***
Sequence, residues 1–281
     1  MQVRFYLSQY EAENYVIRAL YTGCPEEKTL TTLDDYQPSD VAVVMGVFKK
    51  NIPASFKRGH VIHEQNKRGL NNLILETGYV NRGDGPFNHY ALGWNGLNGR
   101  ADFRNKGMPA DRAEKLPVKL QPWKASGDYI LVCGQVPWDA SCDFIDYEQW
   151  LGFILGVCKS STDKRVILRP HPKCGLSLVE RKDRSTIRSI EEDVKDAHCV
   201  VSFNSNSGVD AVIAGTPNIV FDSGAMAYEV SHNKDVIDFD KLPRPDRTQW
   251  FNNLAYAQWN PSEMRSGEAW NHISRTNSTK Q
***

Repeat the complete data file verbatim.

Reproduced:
Sequence, residues 1–281
     1  MQVRFYLSQY EAENYVIRAL YTGCPEEKTL TTLDDYQPSD VAVVMGVFKK
    51  NIPASFKRGH VIHEQNKRGL NNLILETGYV NRGDGPFNHY ALGWNGLNGR
   101  ADFRNKGMPA DRAEKLPVKL QPWKASGDYI LVCGQVPWDA SCDFIDYEQW
   151  LGFILGVCKS STDKRVILRP HPKCGLSLVE RKDRSTIRSI EEDVKDAHCV
   201  VSFNSNSGVD AVIAGTPNIV FDSGAMAYEV SHNKDVIDFD KLPRPDRTQW
   251  FNNLAYAQWN PSEMRSGEAW NHISRTNSTK Q